By Michael Goldstein
By Dennis Romero
By Sarah Fenske
By Matthew Mullins
By Patrick Range McDonald
By LA Weekly
By Dennis Romero
By Simone Wilson
At one point, I asked who knew him best. "No one," he replied. "People know various sides of me. But with the big problems, big decisions, one can’t show weakness. One can’t share one’s inner feelings as a human being. I was able to do that with Alya, but behind her, it hasn’t been possible. People don’t really want you to be human. It worries them."
Hekmat had told me I could have 20 minutes at most with the king. Yet, after more than an hour of talking, I was the one to bring the interview to a close. On my way out the door, I asked one last question. "If I wanted to see the real you, Your Majesty," I asked him, "how would I do so?"
"Well," he said, "I suppose I am truly myself flying my plane. And when I’m out in the villages with ordinary people. Let me think about it. I will arrange something." By the time I reached the Intercontinental there was a message waiting. I was invited to dinner at the Palace the following Monday. I actually skipped around my hotel room. "I’m going to dinner with the king!" I sang ridiculously. I couldn’t believe my good luck.
On the days in between, I wandered around Amman and down to the Dead Sea, talking to ordinary Jordanians about the man with his face on the money. I noticed that most had multiple pictures of Hussein on the walls of their homes and offices. And these were not just official photos, but snapshots and posters like teenagers might put up of a favorite movie star. Given a modicum of encouragement, everyone was willing to whisper some sworn-to-be-true bit of gossip about His Majesty, about the newest plots against him, the affairs he’d had with this woman or that. Each Jordanian I encountered, even those who were critical of him, talked about the king as if he were more than mortal.
The Palace was about 10 miles outside of Amman. A taciturn Jordanian army sergeant fetched me from the hotel in a dark Mercedes, and we drove in total silence past two separate sets of guarded iron gates, each bearing the unmistakable gold crown. The king’s residence was a two-story modern stone structure the color of sand, its architecture a hybrid of desert-fortress Bauhaus and ’70s Southern California ranch-style, the kind of house that Rod Stewart or some other rock star of the era might lease when recording in Los Angeles.
When I arrived, the king was in the upstairs living quarters dressed in a short-sleeved plaid shirt and casual slacks, losing a game of Ping-Pong to his children’s American nanny. When he greeted me, he urged me to drop the formality of Majesty. "Please," he said, "call me Hussein. It’s my name, after all!" The interior d√©cor was beige on beige and completely forgettable. Jehan Sadat’s parlor had been furnished with exquisite antiques and treasures from all over the world, but in those pre-Noor days, Hussein’s furniture looked as if it had all been bought in 15 minutes from a high-end mail-order catalog. The only items of note were the big color photos of the king’s eight kids that graced nearly every wall, most taken by Hussein.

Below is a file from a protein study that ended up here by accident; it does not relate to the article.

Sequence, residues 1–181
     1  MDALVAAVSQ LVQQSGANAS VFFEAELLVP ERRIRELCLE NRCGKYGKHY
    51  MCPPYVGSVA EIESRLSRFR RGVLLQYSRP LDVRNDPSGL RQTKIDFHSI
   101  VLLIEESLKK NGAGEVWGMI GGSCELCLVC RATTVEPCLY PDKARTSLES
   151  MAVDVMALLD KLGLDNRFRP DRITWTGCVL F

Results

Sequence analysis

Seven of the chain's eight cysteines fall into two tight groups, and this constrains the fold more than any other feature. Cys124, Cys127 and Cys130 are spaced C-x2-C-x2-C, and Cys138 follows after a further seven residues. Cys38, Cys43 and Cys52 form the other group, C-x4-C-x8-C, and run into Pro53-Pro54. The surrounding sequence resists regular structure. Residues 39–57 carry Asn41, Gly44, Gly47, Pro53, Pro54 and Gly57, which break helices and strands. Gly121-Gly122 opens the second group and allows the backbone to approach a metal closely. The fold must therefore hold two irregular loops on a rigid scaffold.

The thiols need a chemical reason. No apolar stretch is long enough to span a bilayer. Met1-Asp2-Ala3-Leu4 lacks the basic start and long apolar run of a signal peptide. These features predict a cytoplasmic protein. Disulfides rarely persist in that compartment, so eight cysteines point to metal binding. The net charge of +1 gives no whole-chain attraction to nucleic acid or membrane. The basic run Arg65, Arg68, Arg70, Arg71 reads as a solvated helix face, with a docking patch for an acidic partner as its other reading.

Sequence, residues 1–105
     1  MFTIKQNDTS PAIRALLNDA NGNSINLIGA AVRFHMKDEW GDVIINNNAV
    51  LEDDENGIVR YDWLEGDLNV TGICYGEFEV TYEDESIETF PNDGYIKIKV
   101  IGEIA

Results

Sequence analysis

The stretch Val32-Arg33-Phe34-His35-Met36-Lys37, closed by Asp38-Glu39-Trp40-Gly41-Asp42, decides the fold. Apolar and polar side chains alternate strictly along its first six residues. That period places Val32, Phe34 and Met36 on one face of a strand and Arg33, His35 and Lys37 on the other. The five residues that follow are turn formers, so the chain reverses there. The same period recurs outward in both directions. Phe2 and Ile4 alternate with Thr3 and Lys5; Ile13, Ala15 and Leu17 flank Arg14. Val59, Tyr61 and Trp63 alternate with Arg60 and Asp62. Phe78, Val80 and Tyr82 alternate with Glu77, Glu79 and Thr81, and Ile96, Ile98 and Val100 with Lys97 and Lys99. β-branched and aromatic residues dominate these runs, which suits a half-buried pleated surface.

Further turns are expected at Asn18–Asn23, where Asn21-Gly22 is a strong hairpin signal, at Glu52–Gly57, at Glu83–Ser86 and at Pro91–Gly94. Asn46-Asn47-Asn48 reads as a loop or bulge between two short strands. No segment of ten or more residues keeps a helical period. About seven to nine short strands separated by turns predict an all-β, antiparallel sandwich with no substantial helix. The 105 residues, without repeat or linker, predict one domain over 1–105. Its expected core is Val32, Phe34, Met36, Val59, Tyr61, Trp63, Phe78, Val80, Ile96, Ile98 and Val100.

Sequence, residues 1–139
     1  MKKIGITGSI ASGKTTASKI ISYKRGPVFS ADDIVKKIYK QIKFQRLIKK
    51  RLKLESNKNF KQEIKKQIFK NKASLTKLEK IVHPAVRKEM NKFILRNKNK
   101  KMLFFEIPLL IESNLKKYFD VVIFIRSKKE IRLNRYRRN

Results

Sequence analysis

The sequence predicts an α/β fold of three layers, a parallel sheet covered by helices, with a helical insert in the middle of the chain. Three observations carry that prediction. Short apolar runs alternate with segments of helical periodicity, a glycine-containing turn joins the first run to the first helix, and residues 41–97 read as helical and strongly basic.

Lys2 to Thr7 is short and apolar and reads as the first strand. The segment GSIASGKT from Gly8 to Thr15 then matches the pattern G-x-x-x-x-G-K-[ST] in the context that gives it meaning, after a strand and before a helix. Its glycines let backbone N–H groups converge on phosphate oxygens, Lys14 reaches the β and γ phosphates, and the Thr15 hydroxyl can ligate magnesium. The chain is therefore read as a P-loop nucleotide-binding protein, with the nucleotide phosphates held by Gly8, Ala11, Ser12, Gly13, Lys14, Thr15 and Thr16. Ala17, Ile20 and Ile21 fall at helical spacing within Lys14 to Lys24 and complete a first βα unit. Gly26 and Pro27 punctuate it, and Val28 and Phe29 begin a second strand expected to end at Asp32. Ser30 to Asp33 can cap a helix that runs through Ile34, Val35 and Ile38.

Hussein was a small, sturdy man, just 5 feet 4 inches, with an overlarge head and a mouth that took up much of his face. He was not classically handsome, but a cute guy by any woman’s standards. He was charismatic, impassioned. He’d been a thrill seeker as a young man. But now he compelled one’s attention in a gentler manner.
"Do you want to see what is most precious to me?" he asked once the nanny was gone. I nodded and followed him. He led me to the nursery, the wing of the house where his three youngest children slept. The door of each child’s room was propped open by floppy-eared stuffed animals, "in case they cry," he said. "Sometimes when I can’t sleep I come in here and watch them." He spoke also of his older children. Abdullah, who two decades later would be crowned king, was then 16 and away at Deerfield Academy in Massachusetts. "He’s a fine son," said Hussein. "We are very close. I am trying to decide what to get him for his birthday." He admitted he was closest to the "babies," as he called them, who then ranged in age from 2 to 5. As he took me from room to room, he lingered over each sleeping form, breathing in the musty-sweet child smell as if for reassurance.
Back in the living room, he motioned me to a large plate-glass window. It was a clear night, and the silhouettes of dark, dry hills looked like the backs of whales, beached and sleeping. "That’s Jerusalem," he said, pointing to clusters of lights beyond the hills. "We are exactly 27 kilometers away. Just within their artillery range."
The two place settings looked lost on the huge dining table. Hussein moved a vase filled with four dozen long-stemmed roses the color of persimmons out of the way so we could talk without obstruction. He was dieting under doctor’s orders and wasn’t at all happy with the Pritikin-type menu to which he was confined. The cook presented each low-fat course with slapstick drama, hovering nearby to watch the king’s reaction with mock terror. Hussein acted as straight man and groaned mournfully as he poked at each new item on the crested royal plates. When I pronounced a sauceless vegetable dish delicious, the cook smiled √† la Roberto Benigni and clutched his heart. "Oh, thank goodness, madam! You have saved my job!"
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